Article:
cold treeless plain
production of consumer goods such as food products and hose hold goods
products for household goods
people who share a common cultural background including ancestry and language
an authorial political system in Wichita government controls the economy
farm labors bound to the land they worked
dry treeless grassland, often found at the edge of desserts
title of the former empress or emperor of russia
Russian term for openness
Era from the late 1940s to the early 1990s in Wichita the u item states and the Soviet Union competed for world influence
land that is set aside by government to protect plants and wildlife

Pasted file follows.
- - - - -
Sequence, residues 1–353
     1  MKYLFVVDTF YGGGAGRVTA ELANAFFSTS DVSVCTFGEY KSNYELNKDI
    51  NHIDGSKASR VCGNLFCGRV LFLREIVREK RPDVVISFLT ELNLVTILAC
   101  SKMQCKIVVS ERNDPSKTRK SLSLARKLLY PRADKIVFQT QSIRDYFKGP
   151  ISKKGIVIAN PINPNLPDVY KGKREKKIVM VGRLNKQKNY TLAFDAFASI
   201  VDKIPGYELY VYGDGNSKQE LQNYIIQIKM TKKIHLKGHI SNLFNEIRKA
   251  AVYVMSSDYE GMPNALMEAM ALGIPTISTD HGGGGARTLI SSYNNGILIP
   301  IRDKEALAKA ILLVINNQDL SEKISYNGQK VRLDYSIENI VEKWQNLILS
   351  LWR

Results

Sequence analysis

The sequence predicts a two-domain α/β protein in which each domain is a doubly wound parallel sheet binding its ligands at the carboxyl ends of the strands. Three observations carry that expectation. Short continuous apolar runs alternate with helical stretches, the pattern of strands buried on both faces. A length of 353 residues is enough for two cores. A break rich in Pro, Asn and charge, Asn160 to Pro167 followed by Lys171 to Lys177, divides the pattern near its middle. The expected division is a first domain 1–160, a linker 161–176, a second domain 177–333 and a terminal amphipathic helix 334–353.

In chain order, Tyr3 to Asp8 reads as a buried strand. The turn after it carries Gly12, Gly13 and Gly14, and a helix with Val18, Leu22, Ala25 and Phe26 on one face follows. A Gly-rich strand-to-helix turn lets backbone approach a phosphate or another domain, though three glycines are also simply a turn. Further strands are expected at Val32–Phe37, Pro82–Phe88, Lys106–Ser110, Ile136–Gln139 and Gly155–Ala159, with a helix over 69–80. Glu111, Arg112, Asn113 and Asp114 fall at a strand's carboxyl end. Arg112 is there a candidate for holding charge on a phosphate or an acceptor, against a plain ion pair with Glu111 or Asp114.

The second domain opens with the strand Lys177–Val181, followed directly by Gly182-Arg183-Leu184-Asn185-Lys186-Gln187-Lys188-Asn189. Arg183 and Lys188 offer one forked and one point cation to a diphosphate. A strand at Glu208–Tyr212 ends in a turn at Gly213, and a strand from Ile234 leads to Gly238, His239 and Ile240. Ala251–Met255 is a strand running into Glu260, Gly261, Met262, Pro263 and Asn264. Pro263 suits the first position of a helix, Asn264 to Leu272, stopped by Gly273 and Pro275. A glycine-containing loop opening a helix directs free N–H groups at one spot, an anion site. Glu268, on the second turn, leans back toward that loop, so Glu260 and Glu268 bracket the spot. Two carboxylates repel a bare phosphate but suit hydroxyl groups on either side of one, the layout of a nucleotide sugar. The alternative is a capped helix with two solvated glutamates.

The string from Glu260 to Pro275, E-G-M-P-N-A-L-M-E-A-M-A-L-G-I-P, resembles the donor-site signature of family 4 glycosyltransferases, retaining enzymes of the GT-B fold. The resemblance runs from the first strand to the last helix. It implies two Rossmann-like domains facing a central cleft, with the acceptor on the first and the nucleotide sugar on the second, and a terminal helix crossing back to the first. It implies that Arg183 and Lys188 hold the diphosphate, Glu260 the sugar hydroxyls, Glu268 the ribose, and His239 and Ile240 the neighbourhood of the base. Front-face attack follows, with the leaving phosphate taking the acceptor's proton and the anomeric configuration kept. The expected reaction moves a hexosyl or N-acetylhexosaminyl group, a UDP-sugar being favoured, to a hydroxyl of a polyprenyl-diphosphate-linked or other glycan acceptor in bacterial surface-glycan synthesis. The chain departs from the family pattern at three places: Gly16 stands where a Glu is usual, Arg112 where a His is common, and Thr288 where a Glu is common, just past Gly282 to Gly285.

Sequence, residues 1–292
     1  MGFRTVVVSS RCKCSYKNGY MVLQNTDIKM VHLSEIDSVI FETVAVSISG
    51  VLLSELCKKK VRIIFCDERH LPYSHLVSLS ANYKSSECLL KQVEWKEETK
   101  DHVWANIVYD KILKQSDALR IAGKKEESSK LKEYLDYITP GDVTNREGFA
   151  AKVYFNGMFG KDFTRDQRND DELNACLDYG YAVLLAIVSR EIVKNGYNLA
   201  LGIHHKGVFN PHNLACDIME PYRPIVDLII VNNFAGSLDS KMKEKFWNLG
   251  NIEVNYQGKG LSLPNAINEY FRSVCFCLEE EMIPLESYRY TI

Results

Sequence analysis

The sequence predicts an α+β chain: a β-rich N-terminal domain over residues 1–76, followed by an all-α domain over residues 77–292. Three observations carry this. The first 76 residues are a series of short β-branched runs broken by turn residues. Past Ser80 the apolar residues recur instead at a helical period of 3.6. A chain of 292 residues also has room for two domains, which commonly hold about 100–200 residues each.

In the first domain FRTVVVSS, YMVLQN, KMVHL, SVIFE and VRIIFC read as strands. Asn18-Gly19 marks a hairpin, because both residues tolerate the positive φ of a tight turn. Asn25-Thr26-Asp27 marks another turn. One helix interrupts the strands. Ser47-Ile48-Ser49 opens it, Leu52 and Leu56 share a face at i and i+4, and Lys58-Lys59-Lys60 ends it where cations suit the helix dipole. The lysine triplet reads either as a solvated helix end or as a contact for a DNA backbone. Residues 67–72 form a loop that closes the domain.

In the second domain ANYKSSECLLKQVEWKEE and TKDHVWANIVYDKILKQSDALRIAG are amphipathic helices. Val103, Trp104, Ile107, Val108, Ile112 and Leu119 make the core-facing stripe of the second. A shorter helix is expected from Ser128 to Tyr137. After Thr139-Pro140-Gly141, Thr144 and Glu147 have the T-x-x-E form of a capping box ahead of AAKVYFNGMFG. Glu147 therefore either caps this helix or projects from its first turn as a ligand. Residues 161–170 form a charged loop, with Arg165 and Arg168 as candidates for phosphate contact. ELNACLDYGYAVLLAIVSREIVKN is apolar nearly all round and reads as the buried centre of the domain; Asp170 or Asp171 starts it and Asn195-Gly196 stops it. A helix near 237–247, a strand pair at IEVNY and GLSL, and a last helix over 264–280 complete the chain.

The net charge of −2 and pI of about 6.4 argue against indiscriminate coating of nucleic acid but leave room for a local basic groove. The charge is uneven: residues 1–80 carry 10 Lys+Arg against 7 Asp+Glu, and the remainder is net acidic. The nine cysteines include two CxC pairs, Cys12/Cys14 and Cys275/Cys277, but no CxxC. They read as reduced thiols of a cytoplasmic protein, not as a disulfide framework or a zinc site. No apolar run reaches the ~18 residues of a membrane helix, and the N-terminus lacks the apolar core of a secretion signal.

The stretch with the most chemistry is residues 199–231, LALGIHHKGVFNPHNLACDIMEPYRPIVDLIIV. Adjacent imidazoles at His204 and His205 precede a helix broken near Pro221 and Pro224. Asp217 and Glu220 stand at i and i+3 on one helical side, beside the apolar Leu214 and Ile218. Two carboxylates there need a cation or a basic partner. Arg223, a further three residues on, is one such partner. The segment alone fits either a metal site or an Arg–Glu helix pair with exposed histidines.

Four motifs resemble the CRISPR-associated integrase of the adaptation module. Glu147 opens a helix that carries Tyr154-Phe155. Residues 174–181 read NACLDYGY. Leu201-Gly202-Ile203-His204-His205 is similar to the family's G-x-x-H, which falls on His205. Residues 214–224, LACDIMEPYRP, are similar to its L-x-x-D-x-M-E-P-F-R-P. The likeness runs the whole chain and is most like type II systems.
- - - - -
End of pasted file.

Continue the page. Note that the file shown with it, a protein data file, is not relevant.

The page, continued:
the National government owns all land, recources, industries, farms, and railroads
basis of a market economy in with people start and run businesses to make a profit with little government control
vast ares of evergreen forests
production of industrial goods
perminantly frozen soil under the ground surface
KNIGHTS OF LABOR
LITTLE BIG HORN
American oil industry tycoon and philanthropist , started the standard oil company
the exclusive possession or control of the supply or trade in a company
which claim to apply biological concepts of natural selection and survival of the fittest to sociology and politics
a person who seeks to promote the welfare of others, especially by the generous donation of money to good causes.
Scottish American industrialist who led the enormous expansion of the American steel industry in the late 19th century.
came to America from areas that had not traditionally supplied settlers to the US.